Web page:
Scala University: A free continuous learning initiative for the Scala Programming Language by ThoughtWorks Pune
Scala University is an initiative of Scala practitioners from Pune – who want to drive continuous learning/teaching of Scala in the form of free public workshops. It was started by developers at ThoughtWorks who are passionate Scala users for many years. As of now, Scala University is specifically interested in helping communities in and around cities where ThoughtWorks has offices.
How did it start?
The people who started Scala University felt that they have benefitted a great deal from the open source Scala Language, the wonderful Scala community, and from other free and open resources around the web, for example, like Coursera courses on Scala and Reactive programming. They felt that they should give back to the community, and that is why “Scala University”
As a first step, they conducted a 4-day Scala Workshop in Pune on 20-23 June 2014. The event was “free” for all those who could clear a coding test. The response was overwhelming:
- It got 350 registrations
- 95 of them submitted the coding assignments
- 30 candidates were selected after code review
- 29 of them confirmed and attended all 4 days of the training!
- Along with them, 10 ThoughtWorkers also attended, taking the total batch size to 40
- Apart from developers there were 5 Quality Analysts and 1 Project Manager
- The experience level varied widely: from 1st year engineering grads to people with 12+ years of experience.
The workshop also generated huge amount of goodwill in the local community. Enthused with the success, they conducted the 2nd workshop in Gurgaon on 24-27 July. The numbers were similar (around 25 people including 6 ThoughtWorkers attended). The 3rd workshop is scheduled in Chennai on 4-7 Sep. Workshops in Hyderabad, Singapore and Bangalore are being considered. You can keep track of list of all events conducted so far.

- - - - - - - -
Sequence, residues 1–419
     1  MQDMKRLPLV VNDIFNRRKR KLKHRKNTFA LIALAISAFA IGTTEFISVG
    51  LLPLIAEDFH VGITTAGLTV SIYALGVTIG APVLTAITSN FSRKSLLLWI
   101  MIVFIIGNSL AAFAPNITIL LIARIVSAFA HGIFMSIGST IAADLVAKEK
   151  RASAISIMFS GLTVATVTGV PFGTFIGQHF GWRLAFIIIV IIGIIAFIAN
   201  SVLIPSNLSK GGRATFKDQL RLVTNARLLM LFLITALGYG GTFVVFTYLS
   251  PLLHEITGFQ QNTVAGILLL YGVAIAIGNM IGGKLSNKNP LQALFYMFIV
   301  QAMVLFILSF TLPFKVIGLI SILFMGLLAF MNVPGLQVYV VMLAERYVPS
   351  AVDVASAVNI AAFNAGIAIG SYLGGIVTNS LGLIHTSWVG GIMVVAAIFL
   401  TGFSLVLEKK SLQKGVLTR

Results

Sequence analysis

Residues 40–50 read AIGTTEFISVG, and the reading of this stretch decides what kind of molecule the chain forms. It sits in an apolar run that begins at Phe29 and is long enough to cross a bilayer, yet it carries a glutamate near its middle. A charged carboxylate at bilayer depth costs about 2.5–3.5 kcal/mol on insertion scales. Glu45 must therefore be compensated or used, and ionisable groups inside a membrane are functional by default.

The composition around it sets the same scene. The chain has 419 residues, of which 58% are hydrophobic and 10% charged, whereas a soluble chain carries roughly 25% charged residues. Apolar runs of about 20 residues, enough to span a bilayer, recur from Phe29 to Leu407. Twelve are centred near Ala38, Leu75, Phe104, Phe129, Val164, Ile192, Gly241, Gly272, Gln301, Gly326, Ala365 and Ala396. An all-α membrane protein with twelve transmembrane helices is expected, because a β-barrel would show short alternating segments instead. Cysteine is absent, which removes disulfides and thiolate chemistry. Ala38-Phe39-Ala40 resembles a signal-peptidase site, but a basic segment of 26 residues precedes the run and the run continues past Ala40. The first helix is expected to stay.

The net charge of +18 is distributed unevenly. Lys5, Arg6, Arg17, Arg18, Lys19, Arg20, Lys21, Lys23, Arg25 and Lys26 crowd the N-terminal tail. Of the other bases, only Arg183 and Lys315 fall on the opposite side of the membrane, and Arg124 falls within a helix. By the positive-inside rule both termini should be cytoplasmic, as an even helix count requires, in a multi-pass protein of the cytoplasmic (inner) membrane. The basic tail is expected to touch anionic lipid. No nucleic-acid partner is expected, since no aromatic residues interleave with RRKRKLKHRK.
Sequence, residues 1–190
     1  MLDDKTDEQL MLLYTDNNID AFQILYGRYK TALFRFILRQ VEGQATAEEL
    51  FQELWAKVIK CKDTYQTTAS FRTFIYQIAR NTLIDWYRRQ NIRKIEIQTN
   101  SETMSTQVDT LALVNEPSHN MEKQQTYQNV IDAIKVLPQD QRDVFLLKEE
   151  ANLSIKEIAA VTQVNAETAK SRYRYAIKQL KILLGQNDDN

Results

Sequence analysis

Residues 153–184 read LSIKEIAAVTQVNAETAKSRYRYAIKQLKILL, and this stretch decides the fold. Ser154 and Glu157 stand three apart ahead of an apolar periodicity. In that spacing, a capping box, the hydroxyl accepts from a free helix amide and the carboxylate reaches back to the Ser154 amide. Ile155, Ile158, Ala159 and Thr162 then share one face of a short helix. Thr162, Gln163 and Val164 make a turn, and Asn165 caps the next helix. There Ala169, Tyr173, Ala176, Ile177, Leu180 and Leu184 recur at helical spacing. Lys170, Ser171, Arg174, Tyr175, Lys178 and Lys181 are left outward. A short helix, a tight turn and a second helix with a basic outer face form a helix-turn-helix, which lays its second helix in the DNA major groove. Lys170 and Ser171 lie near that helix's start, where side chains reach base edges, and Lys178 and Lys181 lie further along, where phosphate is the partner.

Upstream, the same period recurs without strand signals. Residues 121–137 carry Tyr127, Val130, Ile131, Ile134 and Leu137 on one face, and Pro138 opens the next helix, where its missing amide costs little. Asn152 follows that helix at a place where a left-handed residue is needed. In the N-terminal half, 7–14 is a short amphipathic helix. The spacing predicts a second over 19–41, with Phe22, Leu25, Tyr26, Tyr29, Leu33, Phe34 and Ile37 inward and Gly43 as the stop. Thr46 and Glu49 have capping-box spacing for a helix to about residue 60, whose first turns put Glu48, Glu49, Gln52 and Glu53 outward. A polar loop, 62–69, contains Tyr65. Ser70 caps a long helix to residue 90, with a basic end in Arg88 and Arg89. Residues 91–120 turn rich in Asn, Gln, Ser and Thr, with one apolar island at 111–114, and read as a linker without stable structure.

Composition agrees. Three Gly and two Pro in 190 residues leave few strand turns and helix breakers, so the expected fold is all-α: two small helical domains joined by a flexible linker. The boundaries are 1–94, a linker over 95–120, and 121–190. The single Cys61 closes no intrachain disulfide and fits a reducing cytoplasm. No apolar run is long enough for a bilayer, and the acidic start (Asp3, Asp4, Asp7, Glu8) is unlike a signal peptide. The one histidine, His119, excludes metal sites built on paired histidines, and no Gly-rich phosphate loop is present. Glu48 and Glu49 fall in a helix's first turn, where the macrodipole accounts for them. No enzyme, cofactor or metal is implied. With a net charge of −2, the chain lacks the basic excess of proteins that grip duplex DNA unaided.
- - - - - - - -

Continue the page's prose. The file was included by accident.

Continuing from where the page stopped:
How does it work?
The Scala deep-dive workshop currently covers language fundamentals with hands on assignments. The workshop is always planned around the weekend. So, each attendee (which include ThoughtWorkers) have to invest 2 working days, plus a full weekend for the workshop. People have suggested compressing the workshop to 3 days, but it needs at least 4 full days to give a complete perspective of the basic language.
Folks from local ThoughtWorks offices are critical for organizing and logistics. They also help with the code reviews. Reviewing so many code submission is the most difficult task.
The workshop is announced around 1 month in advance. Roughly 25% of those who register submit the code, and 30% of those who submit the code qualify for the workshop. The course turns out to be ‘intense and fun’ for smart developers.
What are the rewards?
Learning and teaching Scala is a joy which in itself is a big reward. But there are other good side effects of this initiative:
- Building local community around Scala
- Building internal Scala capability within ThoughWorks
- Positively influencing hiring. Some attendees from the 1st workshop applied to ThoughtWorks, and ThoughtWorks ended up making 2 offers!
- Companies in the local markets find out about the workshop with requests for doing a dedicated commercial training.
- The workshop model has inspired similar trainings by other ThoughtWorkers. See Agile Dev Bootcamp w- hich is scheduled on 15-August.
Scala University also wants to do this in other cities where ThoughtWorks has offices, and they want to do multiple batches at each location if there is enough interest. If you are are a ThoughtWorker interested in doing a batch of “Scala University” in your city, please get in touch. If you are a potential attendee, please let them know in which cities you would like to attend these workshops. Based on that data, they might also plan a workshop in cities where ThoughtWorks does not have a office (for example, Mumbai or Nagpur).
Many have requested workshops on advanced/focused topics. The following topics are being considered:
- Reactive programming (futures, promises, streams and actors)
- Tools (Sbt, Play, Akka)
- Big data computing (Spark stack)
If you’re interested, let them know about your preferences